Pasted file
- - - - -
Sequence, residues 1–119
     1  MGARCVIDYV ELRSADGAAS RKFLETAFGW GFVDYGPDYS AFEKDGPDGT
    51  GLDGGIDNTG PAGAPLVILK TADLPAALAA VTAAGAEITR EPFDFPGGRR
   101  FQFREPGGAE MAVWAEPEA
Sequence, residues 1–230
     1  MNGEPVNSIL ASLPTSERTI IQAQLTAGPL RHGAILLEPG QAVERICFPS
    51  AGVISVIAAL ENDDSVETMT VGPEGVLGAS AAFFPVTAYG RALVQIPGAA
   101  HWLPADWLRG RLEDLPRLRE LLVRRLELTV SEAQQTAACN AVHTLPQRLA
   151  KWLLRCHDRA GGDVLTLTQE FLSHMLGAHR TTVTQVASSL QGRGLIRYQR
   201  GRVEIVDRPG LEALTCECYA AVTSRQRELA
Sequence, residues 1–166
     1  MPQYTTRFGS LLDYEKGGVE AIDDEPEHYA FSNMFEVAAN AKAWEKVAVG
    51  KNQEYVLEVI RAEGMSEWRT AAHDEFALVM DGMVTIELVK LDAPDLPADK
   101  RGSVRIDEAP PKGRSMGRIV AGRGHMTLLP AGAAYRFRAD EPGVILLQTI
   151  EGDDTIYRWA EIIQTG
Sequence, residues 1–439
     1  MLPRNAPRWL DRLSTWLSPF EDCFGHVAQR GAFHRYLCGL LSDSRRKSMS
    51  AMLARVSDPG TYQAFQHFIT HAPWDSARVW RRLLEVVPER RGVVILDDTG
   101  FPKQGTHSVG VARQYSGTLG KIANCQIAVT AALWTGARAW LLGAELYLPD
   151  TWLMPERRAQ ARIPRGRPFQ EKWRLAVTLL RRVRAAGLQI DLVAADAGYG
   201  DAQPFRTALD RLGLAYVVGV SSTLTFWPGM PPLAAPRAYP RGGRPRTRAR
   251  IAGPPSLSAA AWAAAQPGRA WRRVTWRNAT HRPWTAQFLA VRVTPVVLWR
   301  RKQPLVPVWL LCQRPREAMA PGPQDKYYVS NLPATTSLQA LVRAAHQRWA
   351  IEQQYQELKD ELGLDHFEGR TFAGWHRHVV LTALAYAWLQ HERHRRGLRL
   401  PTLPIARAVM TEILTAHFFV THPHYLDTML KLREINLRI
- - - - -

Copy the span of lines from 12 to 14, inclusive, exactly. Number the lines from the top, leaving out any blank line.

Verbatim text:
     1  MPQYTTRFGS LLDYEKGGVE AIDDEPEHYA FSNMFEVAAN AKAWEKVAVG
    51  KNQEYVLEVI RAEGMSEWRT AAHDEFALVM DGMVTIELVK LDAPDLPADK
   101  RGSVRIDEAP PKGRSMGRIV AGRGHMTLLP AGAAYRFRAD EPGVILLQTI